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Title: Understanding and predicting impacts of invasive species : the importance of intraspecific variation and interspecific interactions
Author: Bovy, Helene C.
ISNI:       0000 0004 5915 8830
Awarding Body: Queen's University Belfast
Current Institution: Queen's University Belfast
Date of Award: 2015
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Biological invasions continue to alter the structure and functioning of ecosystems worldwide. While the vectors and pathways of establishment of Invasive species are understood, predicting the ecological changes, or impacts, these species can exert on recipient ecosystems is lacking. Using invasive freshwater amphipods as models, this thesis aimed to investigate the role of intraspecific variation and interspecific interactions in understanding and predicting invasive species' impacts. This work first looks at the inherent variation in feeding behaviour within and between populations of an invasive amphipod, and discusses the implications of such variation for the use of functional responses, or the relationship between feeding rate and prey density. in invasion ecology. Secondly, behaviours associated to dispersal and impacts, as well as parasitic profiles, are compared between two UK populations of Dikerogammarus villosus. Differences between the populations show that monitoring population level differences, including behaviour and parasitism, can inform on invasive species' spread and impacts. Thirdly, interspecific interactions are used in order to elucidate the potential impac s of Dikerogammarus haemobaphes. Two aspects in particular are highlighted: predator-prey interactions, using the comparative functional response framework, and interference competition with D. villosus in terms of habitat use. Finally. cross-ecosystem interspecilic interactions are considered and their effects on a critical ecological process: leaf litter degradation. Using two invasive/native plant pairings, the individual leaf shredding abilities of an invasive and a native amphipod are compared in a laboratory setting. While both native plant species were consumed more readily, no difference was detected between the two amphipods. However, an in situ leaf litter bag experiment showed that the indirect effect of the invasive amphipod on macroinvertebrate community diversity may modify the degradation of certain plant species. This thesis therefore provides empirical evidence of the importance of intraspecific variation and interspecific interactions for the furthering predictive ecology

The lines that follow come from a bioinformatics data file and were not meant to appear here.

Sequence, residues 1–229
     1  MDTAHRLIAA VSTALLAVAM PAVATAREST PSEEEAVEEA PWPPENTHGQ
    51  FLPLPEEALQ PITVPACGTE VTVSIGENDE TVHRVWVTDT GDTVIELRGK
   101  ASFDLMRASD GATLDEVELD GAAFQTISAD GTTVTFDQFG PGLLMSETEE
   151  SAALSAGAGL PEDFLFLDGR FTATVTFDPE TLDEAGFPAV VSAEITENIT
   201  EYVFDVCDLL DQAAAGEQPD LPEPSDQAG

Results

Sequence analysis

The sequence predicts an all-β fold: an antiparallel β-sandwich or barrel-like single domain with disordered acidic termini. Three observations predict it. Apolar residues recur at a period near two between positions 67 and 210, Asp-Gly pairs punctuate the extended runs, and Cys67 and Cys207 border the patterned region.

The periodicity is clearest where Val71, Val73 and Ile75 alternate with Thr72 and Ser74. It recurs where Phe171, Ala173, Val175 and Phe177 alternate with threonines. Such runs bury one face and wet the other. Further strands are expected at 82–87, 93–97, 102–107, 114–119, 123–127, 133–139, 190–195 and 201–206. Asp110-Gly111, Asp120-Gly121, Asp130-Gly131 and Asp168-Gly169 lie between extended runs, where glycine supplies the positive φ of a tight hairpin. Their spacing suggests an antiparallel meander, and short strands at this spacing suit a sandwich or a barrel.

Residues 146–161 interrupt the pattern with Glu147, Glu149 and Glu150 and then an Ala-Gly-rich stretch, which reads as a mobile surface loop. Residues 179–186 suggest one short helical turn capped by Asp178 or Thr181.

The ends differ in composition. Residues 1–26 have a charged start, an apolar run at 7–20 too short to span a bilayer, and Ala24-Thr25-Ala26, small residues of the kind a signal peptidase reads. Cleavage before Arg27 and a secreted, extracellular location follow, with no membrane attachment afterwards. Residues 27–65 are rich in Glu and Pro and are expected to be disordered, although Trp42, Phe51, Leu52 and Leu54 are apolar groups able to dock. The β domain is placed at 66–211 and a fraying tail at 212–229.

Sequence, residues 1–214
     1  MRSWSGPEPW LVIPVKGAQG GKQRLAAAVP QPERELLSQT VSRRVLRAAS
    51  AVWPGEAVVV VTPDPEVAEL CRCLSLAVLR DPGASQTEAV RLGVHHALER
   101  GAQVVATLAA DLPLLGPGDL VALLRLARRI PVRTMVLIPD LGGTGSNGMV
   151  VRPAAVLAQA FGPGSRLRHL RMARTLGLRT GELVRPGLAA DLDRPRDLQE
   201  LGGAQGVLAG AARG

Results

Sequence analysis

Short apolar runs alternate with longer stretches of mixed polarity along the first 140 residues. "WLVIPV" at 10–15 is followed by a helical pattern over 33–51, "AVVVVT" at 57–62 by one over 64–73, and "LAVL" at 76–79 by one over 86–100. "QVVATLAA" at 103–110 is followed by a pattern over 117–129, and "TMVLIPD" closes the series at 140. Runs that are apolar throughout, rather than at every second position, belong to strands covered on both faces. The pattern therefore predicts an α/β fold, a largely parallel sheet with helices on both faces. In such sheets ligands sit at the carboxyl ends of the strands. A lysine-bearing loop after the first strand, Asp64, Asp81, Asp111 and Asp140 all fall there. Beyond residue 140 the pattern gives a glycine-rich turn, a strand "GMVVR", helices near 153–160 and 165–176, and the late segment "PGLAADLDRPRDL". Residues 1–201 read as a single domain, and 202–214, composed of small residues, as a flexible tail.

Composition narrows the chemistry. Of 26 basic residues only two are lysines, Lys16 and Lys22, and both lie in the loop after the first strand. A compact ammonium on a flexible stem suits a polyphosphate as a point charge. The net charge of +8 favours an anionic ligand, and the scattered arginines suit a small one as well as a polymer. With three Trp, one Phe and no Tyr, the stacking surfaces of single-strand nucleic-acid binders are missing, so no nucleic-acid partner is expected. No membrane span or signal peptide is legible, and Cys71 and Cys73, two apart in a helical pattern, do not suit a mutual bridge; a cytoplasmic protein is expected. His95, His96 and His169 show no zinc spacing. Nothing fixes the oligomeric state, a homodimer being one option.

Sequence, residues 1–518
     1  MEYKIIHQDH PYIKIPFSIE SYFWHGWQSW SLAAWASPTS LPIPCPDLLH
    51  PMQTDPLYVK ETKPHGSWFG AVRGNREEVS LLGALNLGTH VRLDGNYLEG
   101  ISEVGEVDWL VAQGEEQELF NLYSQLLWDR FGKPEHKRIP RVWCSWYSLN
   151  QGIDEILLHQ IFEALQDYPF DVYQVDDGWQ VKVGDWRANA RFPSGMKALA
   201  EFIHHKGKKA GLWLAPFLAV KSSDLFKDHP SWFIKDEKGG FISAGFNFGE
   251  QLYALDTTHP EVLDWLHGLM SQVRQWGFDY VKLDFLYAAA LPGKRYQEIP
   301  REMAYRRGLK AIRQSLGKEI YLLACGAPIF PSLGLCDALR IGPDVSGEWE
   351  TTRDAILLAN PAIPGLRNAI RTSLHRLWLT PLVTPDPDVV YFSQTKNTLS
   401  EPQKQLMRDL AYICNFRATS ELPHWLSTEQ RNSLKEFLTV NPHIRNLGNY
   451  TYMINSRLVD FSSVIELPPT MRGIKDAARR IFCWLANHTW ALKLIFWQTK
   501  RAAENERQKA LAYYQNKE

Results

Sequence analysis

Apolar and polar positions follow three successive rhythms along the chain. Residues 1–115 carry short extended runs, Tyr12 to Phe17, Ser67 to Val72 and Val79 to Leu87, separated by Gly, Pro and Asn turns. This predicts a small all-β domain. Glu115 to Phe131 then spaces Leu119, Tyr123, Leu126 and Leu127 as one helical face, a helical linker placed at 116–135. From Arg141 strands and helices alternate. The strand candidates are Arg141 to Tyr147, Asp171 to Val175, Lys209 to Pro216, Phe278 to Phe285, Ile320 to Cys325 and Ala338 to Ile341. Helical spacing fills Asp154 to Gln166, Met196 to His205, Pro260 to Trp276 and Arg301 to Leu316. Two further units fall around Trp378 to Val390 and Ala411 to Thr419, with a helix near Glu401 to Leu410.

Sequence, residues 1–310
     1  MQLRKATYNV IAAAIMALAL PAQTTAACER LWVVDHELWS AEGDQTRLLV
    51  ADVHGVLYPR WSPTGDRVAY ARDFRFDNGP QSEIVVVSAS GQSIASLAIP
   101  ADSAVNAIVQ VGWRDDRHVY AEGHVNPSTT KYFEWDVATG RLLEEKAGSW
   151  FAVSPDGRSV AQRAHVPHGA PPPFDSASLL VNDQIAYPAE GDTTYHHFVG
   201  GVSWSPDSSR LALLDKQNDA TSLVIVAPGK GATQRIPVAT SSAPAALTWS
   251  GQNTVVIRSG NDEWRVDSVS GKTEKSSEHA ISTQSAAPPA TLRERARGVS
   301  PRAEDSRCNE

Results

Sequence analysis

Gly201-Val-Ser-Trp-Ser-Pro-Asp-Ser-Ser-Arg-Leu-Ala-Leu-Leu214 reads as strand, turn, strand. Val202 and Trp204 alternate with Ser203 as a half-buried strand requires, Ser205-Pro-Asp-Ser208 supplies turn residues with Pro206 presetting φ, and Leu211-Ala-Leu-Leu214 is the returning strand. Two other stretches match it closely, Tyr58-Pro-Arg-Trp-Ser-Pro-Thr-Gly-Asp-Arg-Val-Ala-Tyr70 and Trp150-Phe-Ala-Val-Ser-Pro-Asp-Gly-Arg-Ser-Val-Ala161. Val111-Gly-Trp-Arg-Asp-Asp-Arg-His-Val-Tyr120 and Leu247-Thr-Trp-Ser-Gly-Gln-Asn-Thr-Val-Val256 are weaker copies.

Supervisor: Not available Sponsor: Not available
Qualification Name: Thesis (Ph.D.) Qualification Level: Doctoral
EThOS ID:  DOI: Not available